One of the best ways to get to know the area is to cruise west along I-10 from Balmorhea to Fort Hancock, passing, in order, the Davis, Apache, Wylie, Carrizo, Beach, Quitman, Malone, and those Finlay Mountains, as well as the Sierra Blanca and Devil’s Ridge. At first sight most of these ranges, not high enough for the kind of bio-diversity you find up in the Guadalupes or Chisos, appear to be nothing more than sweltering piles of collapsing rock. But if you watch for a while, the patterns of stone and sky start to add up to a stark grandeur, and my hope is that you’ll begin to treasure the gaunt beauty of these parts. Then maybe you’ll find yourself jamming on two pairs of socks and hiking boots, ready to roam the canyons and trails high above the desert.
Location: Northwestern Culberson County, 110 miles east of El Paso on U.S. 62/180
Guadalupe Peak (8,749 feet)
Bush Mountain (8,615 feet)
Shumard Peak (8,599 feet)
Bartlett Peak (8,497 feet)
Hunter Peak (8,258 feet)
El Capitan (8,064 feet)
Lost Peak (7,818 feet)
The camel may be the ship of the desert, but the Guadalupe Mountains loom like an ocean liner over the callous ranchland of Reeves and Culberson counties. Magnify this metaphor vertiginously when you stand three thousand feet above the desert floor on top of Guadalupe Peak watching as the storms blow in. That’s the hike that everybody wants to take, but there are in fact seventy more miles of trails traversing the 86,000 acres of the Guadalupe Mountains National Park (nps.gov/gumo; 915-828-3251). So while a trip to the top of the state is mandatory, it’s just scratching the surface of what you can find in the only legally designated wilderness in West Texas.
If this is your first time, stop at the Pine Springs Visitor Center to get your bearings. Once you’ve checked in, wander down the short Pinery Trail; the signs that identify various shrubs and trees along the way will bring you up to speed with desert flora. As to fauna, there’s great bird-watching right at the campsite parking lot where the trail to the Peak begins. If you want to explore deeper, this is also the southern end of the transmountain Tejas Trail, which starts with a grueling ascent to the Bowl, a forested lost world hidden behind the high pine tree—dotted ridges of Hunter Peak. You can hike this trail all the way to the campsite at Dog Canyon close to the New Mexico border, but I like to drive here and make this my base, rather than Pine Springs. The fall colors in this remote valley are just as beautiful as the more popular McKittrick Canyon. Those Carlsbad Caverns (nps.gov/cave, 575-785-2232) are a must-see, and you should also try to visit Sitting Bull Falls, the only place for many miles around where your body can be immersed in water. From Dog Canyon, try the Bush Mountain Trail, an exercise in stamina and solitude that follows the western edge of the range, where backcountry campers will enjoy exceptional views of the sunset, or hike up to McKittrick Ridge for the view into McKittrick Canyon. This vista is at its best in October, when the maples put on their colorful display, but the only season to avoid is spring, when winds of more than one hundred miles an hour are common. In summer the high country stays cool, and in winter frequent snowfalls turn the pine forests into a real-life Narnia. If you own a horse, you can take advantage of the corrals at Dog Canyon and Frijole Ranch—sixty percent of the trails are open to riders. Backpackers don’t have to stay on the trails, but there’s no rock climbing or mountain biking allowed. Whatever you do there, what you’ll find in the Guadalupe Mountains is seclusion surrounded by nature in all its glory, from tiny hummingbirds to the grandest peaks. Despite the ravages wrought by accidental fires and the ongoing drought, these mountains are a unique paradise. Stay a week or more and let the world wash off you.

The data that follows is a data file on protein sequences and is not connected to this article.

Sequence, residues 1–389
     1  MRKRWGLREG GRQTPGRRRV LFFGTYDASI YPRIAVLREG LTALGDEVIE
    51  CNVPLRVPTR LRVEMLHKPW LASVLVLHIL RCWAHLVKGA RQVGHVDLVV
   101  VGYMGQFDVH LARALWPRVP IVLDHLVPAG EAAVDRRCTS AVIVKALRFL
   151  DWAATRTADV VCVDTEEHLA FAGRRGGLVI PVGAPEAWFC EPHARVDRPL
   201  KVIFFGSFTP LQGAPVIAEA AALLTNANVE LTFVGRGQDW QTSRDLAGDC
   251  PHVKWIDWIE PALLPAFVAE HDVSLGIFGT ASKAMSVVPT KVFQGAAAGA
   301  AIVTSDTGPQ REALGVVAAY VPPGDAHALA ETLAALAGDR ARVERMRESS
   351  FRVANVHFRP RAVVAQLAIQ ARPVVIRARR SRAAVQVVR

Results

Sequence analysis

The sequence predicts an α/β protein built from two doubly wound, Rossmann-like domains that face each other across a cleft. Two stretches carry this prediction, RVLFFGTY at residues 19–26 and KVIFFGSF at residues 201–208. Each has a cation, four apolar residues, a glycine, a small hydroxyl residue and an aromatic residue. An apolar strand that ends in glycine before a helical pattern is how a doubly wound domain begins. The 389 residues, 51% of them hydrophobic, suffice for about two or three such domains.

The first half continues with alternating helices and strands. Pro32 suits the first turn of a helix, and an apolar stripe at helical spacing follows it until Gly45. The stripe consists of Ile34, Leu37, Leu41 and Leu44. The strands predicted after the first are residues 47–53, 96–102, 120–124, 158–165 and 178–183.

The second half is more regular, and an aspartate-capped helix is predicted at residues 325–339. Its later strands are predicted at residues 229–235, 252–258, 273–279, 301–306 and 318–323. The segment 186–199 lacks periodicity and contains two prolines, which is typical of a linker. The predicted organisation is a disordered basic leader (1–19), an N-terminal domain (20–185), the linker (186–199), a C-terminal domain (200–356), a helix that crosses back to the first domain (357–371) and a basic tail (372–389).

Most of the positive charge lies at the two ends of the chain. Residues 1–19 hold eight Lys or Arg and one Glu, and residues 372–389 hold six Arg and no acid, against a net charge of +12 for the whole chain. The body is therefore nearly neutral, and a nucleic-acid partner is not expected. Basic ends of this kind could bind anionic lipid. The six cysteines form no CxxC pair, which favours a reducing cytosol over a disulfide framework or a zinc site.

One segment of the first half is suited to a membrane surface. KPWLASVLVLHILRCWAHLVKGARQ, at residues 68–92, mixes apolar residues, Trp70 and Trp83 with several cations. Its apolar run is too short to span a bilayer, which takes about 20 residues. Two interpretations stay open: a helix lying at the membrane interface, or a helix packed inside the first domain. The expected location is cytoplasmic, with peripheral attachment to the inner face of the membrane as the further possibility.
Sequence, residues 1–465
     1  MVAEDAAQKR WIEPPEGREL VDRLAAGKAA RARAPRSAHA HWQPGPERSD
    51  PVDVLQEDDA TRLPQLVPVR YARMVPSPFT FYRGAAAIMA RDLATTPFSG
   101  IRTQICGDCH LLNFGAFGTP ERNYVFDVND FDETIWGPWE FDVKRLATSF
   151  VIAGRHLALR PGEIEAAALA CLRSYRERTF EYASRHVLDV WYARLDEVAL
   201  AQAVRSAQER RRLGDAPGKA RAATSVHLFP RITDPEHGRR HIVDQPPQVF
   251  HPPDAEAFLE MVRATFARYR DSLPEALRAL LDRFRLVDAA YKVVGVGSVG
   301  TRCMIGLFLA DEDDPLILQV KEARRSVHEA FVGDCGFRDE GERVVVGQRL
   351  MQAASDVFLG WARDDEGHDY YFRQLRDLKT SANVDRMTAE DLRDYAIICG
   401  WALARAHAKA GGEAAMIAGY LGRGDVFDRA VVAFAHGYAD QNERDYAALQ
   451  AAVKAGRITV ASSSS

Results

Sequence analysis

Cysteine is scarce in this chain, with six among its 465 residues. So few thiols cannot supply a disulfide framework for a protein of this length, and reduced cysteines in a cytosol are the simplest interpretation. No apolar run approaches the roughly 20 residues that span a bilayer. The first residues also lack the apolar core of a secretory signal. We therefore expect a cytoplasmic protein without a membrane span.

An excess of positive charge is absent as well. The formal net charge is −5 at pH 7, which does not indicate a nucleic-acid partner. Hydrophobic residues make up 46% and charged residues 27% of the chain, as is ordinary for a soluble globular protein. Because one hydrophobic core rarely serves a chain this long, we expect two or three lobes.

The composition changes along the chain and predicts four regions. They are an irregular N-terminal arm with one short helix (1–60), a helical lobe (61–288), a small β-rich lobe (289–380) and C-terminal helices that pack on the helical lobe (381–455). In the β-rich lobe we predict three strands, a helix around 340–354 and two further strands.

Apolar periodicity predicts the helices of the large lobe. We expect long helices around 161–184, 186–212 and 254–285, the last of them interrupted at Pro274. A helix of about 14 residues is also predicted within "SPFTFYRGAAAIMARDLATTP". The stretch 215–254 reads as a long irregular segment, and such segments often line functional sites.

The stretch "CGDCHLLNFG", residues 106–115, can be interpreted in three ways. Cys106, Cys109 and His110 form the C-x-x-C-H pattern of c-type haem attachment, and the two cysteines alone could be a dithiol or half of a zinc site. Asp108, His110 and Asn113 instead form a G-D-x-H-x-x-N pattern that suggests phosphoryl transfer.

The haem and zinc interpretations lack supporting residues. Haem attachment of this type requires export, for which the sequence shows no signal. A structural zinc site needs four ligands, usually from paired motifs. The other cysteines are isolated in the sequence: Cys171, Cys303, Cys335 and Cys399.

Location: El Paso County, 32 miles northeast of El Paso, 4 miles north of Texas Highway 62 on Ranch Road 2775
Highest point (in the Hueco Mountains): Cerro Alto (6,787 feet)
Out on Texas Highway 62 El Paso never really ends. Sprawling junkyards give way to sun-bleached signs promising heaven in subdivisions that are nothing but geometric patterns carved on the featureless desert sand. The Hueco Tanks, entirely different from the dusty mountains that surround them, lie next to one of these sparsely developed grids as though some lazy Hercules had swept the plateau’s debris into three untidy piles. Years of erosion have sculpted these volcanic rocks into an unlikely oasis of shallow pools and shade; plants, animals, and humans have always been attracted to the food and shelter they provide.
From the early Jornada Mogollon people to the Tigua and Kiowa Indians—who fought each other and the Mexican Army among the boulders—the tribes that lived here left not only pottery and rock paintings that archeologists prize as an irreplaceable record of their cultures but also a spiritual imprint that the Tigua still cherish and defend. More recent visitors—travelers, picnickers, and rock climbers—have left their mark as well, and often in a way that showed little respect for the area’s artifacts or its aura. As a result, Texas Parks and Wildlife, which took custody of Hueco Tanks in 1969, has placed most of these hills off bounds to unsupervised visitors. The climbing community, for whom the Tanks are a world-class attraction, have loudly protested these restrictions. But since this is a State Historical Park (tpwd.state.tx.us/spdest/findadest/parks/hueco_tanks, 915-857-1135), the TPWD is obligated to find ways to protect the cultural and natural resources of the Tanks, and everybody who comes here is required to watch a ten-minute orientation video that underscores the importance of this mission.
A tour of the petroglyphs will convince you that they are worth preserving. Among the